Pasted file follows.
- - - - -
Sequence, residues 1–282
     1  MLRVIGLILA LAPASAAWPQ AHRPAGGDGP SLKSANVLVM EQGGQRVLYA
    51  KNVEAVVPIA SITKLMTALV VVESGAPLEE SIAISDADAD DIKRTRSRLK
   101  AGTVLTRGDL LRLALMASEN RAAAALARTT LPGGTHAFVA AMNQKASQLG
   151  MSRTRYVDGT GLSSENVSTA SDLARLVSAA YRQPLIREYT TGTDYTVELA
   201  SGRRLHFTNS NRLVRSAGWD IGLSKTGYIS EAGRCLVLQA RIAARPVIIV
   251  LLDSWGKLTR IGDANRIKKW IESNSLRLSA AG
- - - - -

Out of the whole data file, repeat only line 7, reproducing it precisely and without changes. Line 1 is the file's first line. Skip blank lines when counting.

   251  LLDSWGKLTR IGDANRIKKW IESNSLRLSA AG